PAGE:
Feminism & Romance: Readers Respond
Karen Witkowski (YWQE15B@prodigy.com):
Very interesting interview with Kay Mussell. And I applaud her for admiting that she’s changed her mind about romance novels over the past few years!
Since the heroines insist on only the best in their heroes – true love in a committed relationship – I think romance novels serve as a good example that women should never “settle” for less in their own lives or in a relationship, and I find this very empowering for women.
Susan Scribner (email@example.com):
I have always considered myself a feminist and have been a rabid romance reader for 20 years.
In my mind there’s no reason why the two have to be mutually exclusive. The greatest gifts feminism gave women, IMHO, are the right to choose the role that best fits them and the right to control their destinies. That’s why I get so annoyed when I get into one of those unnecessary “women who work outside the home vs. women who stay at home” arguments.
Why does one of the alternatives have to be the right one? Why can’t we respect and celebrate each woman’s choice?
I read and cherish romances that empower women and give them control over their own fates. While most recent romances fit that bill, I did give one recent romance a lower ranking in part because the heroine was stripped of her magic powers by the hero for two-thirds of the novel. To me that was the equivalent of disempowerment. It felt as if I were reading a pre-1970 essay on “how to act helpless so your man won’t be intimidated.”
One more note – if a novel written by and purchased by a woman isn’t feminist, what is?
Thanks for bringing this issue up.
Beth Abbot (firstname.lastname@example.org):
I consider myself a feminist (I was a charter subscriber to Ms. Magazine as a teenager) and to me feminism is about the right to choose. All options are (or should be) open, and all choices should be respected. Therefore, within the framework of choice, how can feminism be incompatible with romance? Besides, most romance heroines are strong, independent women anyway. Romance is about love, and love is universal.
Rebecca Ekmark (email@example.com):
This is a subject I relish! Feminism is indeed compatable with romance. I think that not only has romance been effected by Feminist ideals, but I would also add that modern romance has helped the Feminist movement. Women who write books are in general an intelligent bunch that think women should be respected, thus write about intelligent and respected women. There are a few who aren’t doing women any favors, such as Beatrice Small, who uses the word “bitch” as an endearment, but in general I think that readers and writers are working together to make the world better for women. What better medium than literature written pretty much exclusively by and for women?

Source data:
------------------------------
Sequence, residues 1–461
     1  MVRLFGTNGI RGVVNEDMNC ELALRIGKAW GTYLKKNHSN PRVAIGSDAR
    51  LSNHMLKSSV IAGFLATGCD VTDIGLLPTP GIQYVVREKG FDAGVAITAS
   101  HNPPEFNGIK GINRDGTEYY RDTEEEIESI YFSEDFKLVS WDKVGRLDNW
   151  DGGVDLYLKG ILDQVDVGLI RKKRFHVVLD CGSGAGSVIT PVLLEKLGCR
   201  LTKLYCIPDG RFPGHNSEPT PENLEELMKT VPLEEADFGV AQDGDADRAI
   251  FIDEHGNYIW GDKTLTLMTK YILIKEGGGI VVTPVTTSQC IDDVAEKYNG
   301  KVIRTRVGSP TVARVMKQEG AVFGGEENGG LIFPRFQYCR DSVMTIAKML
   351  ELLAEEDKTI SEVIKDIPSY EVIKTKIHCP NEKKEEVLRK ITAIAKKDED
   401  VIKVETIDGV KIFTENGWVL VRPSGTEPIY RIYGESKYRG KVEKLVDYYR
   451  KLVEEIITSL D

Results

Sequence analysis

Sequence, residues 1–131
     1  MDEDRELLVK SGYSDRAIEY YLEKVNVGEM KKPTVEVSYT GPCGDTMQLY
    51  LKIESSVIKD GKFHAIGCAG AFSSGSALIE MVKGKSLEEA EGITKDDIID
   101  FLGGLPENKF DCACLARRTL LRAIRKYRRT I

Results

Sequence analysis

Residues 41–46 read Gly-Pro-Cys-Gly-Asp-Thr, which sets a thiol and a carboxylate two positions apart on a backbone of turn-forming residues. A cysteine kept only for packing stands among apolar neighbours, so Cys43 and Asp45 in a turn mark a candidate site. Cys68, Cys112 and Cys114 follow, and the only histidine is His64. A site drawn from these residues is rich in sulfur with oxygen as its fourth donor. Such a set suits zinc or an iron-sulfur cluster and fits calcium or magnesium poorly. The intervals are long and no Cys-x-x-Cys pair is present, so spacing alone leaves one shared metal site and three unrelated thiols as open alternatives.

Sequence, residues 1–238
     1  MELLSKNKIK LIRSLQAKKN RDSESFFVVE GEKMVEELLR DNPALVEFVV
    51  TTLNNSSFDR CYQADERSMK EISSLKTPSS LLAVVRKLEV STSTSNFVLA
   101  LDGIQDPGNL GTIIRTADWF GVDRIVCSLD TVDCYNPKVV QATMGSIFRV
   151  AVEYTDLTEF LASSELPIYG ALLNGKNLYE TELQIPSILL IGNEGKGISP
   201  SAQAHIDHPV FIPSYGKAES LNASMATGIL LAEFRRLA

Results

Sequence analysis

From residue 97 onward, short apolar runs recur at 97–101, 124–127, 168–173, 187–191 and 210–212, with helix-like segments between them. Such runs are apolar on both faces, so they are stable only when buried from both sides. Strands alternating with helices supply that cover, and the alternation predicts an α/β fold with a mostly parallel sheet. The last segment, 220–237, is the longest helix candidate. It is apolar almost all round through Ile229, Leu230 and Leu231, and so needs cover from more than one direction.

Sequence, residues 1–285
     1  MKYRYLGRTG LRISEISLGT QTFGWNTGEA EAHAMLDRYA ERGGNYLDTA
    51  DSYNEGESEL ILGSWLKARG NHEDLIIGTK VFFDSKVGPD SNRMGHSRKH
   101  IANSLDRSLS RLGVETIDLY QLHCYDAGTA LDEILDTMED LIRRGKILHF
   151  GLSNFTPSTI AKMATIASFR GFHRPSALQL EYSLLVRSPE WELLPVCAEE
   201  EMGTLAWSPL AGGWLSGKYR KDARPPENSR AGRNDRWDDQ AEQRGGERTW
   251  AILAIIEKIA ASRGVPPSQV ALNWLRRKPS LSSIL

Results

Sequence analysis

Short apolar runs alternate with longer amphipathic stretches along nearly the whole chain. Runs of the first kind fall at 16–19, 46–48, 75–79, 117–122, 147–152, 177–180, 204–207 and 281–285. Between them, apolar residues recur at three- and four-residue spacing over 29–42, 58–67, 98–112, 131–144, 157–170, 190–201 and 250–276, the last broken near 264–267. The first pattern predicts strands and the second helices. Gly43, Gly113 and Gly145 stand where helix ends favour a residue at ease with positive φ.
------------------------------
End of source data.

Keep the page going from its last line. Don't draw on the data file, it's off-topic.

Robin Uncapher (RNU08@aol.com):
Many, many years ago, in a place now gone by (college in the 70’s), I had a first date on the night that Billie Jean King played tennis with Bobby Riggs. For those of you too young to remember Bobby Riggs, a decidedly over the hill player challenged King saying that he could win because he was a man.
I knew the relationship was a nonstarter when my date said that he was rooting for Riggs. I was annoyed not only because King deserved to beat Riggs. She was the better player. It was because Riggs was so insulting to women in general that he made a perfect foil. Trust me, no one but no one was fantasizing about Bobby Riggs.
To me the question of whether a romance reader can be a feminist is reflected more in the heroes she admires than in the heroines, and no, I’m not talking about forceful seduction. Have you ever noticed how some of Clark Gable’s costars got into trouble with him because they let him down, not because they didn’t cling? The phrase “and you Miss are no lady” from Gone with the Wind, was not the insult that Scarlett thought it was. As we all knew, Rhett Butler was complimenting her. Scarlett O’Hara was too special to be a mere lady.
Heroes get into trouble with me sometimes when protecting heroines. Here is how. There is a difference between a hero who doesn’t think a woman is physically strong enough to defend herself and one who thinks she is not mentally strong enough. I don’t mind a guy telling me he’s going to protect me (especially when some medieval bully is coming at me with a club) but I feel pretty repelled by a man who attempts to end an argument with the phrase. “Now sweetheart, I think I know a little more about this than you do.”
The phrase “No, it’s too dangerous for a woman,” is pretty offensive, but hearing or seeing a hero defend a heroine at great risk to himself is exciting. In Carla Kelly’s Mrs. McVinnie’s London Season, the hero declares “You have only to touch her and I will call you out.” Hey, I was thrilled, so sue me. Similarly Dara Joy’s Familiars are terribly protective of their women. Rejar will barely let Lilac out of his sight, but it is love that drives him, not lack of respect for her intellect. (I had some misgivings about her intellect but that’s another story.)
The need to be physically protected is probably hardwired into many women. We should not be ashamed of this unless we think it makes us even slightly inferior. After all humans are at the top of the food chain because they have more going for them than physical strength.
Quickie with Kay Mussell: Are Feminism & Romance Novels Mutually Exclusive? SF Author Catherine Asaro on Feminism & Romance Sociology Professor Elaine Wethington: Are Academic Opinions About Romance Novels All Negative? Post your comments and/or questions to our Potpourri Message Board Search our reviews database by Title or Author by Titleby Author’s Last Nameby Author’s First Name Do a more in-depth review search via Power Search
Use Freefind to locate other material at the site Copyright 2008 All Rights Reserved